Paragraph 4(c) of the Policy provides for the Respondent to rebut the Complainant’s prima facie case in any way satisfactory to the Panel, of which the following are illustrative examples:
“(i) before any notice to you of the dispute, your use of, or demonstrable preparations to use, the disputed domain name or a name corresponding to the disputed domain name in connection with a bona fide offering of goods or services; or
(ii) you (as an individual, business, or other organization) have been commonly known by the disputed domain name, even if you have acquired no trademark or service mark rights; or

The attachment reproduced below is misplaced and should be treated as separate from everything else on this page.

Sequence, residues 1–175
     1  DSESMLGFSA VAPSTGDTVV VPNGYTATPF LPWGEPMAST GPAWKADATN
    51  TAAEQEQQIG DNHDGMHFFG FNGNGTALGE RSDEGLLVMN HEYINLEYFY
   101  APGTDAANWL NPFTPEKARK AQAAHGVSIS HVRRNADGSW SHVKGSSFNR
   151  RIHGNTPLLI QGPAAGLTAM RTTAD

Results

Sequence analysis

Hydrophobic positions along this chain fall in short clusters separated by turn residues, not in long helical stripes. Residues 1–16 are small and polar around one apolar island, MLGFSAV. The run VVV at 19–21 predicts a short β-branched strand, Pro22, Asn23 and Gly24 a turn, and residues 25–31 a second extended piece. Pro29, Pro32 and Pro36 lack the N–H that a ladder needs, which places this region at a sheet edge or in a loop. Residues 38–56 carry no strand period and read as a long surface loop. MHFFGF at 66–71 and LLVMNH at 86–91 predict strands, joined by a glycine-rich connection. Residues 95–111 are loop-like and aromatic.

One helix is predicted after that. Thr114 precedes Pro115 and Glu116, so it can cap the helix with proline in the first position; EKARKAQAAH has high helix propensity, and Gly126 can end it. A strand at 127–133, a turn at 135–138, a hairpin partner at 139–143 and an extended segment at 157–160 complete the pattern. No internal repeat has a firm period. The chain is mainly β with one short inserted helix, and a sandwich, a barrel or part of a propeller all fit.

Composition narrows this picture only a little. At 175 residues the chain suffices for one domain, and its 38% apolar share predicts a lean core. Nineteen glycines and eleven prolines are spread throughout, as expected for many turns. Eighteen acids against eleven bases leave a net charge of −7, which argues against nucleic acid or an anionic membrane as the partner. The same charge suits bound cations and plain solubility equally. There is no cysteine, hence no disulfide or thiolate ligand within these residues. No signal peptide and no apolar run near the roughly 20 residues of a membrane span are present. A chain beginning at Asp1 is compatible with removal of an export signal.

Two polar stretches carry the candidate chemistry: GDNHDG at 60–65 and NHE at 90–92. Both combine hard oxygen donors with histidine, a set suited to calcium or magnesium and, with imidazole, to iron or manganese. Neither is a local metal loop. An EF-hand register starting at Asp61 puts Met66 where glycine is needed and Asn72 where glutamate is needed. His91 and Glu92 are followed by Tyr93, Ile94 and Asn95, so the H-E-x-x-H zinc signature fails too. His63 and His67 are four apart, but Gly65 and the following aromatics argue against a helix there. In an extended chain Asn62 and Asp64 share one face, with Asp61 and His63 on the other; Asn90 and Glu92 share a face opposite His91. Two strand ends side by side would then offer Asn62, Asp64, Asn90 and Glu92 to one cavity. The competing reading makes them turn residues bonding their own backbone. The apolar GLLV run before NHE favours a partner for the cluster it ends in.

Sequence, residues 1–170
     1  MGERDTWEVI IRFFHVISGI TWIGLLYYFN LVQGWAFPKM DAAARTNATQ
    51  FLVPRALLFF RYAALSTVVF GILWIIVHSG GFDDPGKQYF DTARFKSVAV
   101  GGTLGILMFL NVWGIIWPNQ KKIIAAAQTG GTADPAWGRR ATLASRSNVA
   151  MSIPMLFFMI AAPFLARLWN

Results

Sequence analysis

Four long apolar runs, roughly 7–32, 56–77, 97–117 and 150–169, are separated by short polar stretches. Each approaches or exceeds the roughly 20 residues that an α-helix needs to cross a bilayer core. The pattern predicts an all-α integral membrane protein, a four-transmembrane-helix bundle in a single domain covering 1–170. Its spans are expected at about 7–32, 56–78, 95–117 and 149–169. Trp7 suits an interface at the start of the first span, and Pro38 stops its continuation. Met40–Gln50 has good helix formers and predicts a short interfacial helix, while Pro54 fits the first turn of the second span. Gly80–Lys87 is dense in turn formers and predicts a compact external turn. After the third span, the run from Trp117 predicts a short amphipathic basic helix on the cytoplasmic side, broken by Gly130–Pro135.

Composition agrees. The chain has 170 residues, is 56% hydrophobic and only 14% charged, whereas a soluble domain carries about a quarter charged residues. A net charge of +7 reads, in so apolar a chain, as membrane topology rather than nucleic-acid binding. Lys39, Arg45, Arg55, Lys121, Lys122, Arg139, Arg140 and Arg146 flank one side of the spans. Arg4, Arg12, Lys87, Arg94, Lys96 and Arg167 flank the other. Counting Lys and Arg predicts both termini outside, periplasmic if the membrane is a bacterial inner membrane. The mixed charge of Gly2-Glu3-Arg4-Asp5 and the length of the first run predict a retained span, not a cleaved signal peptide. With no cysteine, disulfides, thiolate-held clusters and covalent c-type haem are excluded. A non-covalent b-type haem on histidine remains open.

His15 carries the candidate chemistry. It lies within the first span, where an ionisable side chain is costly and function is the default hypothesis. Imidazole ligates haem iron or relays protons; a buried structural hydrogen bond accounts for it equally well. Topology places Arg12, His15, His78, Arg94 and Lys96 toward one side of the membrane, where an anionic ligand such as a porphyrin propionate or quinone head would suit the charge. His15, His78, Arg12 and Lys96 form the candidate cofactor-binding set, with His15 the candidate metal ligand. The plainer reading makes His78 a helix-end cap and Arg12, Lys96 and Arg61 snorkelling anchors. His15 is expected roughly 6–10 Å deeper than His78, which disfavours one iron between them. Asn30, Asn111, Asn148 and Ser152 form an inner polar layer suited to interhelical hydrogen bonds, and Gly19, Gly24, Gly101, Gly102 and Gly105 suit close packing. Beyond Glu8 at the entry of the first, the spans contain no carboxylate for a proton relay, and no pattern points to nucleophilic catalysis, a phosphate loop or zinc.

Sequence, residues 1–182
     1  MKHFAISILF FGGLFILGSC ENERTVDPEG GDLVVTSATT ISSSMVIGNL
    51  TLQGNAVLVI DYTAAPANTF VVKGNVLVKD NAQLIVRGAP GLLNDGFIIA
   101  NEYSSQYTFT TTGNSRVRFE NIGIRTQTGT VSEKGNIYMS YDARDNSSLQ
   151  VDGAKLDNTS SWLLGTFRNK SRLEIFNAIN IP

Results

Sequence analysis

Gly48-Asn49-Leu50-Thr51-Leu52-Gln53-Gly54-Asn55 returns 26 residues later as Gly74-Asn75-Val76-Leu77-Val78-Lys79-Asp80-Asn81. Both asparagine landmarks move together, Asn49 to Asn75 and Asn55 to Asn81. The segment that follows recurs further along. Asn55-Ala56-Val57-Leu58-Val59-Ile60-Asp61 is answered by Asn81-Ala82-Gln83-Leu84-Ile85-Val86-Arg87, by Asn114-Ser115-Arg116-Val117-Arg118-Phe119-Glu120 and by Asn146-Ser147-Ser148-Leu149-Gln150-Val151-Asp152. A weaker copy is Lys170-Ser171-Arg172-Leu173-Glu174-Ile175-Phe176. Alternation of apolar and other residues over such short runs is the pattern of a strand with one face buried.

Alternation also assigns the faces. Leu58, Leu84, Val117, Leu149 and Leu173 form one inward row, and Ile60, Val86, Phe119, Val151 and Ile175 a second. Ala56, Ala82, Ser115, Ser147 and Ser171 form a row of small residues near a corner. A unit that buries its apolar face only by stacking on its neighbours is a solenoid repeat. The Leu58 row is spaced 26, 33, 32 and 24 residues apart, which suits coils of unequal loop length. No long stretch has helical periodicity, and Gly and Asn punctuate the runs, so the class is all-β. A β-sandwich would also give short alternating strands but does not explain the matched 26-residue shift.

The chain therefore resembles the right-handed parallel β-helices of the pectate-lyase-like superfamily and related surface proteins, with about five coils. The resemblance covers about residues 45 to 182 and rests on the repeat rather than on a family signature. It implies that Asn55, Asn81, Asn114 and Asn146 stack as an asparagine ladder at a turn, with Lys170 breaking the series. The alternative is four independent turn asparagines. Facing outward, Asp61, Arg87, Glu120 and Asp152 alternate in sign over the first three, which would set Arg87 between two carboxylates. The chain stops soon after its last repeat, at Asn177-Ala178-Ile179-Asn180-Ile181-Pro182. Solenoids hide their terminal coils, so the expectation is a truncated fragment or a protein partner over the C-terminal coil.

(iii) you are making a legitimate noncommercial or fair use of the disputed domain name, without intent for commercial gain to misleadingly divert consumers or to tarnish the trademark or service mark at issue.”
The Respondent is not obliged to respond, and the onus remains upon the Complainant to prove its case. There is no provision under the Policy for a decision by default for the Complainant in the event that the Respondent does not reply. In endeavouring to add some substance to its statement that the Respondent had “no right to use our trademark”, the Complainant could have made sufficient enquiries to satisfy the Panel, at least prima facie, that the Respondent did not apparently have rights or legitimate interests in the disputed domain name by virtue of any provision of paragraph 4(c) of the Policy or otherwise.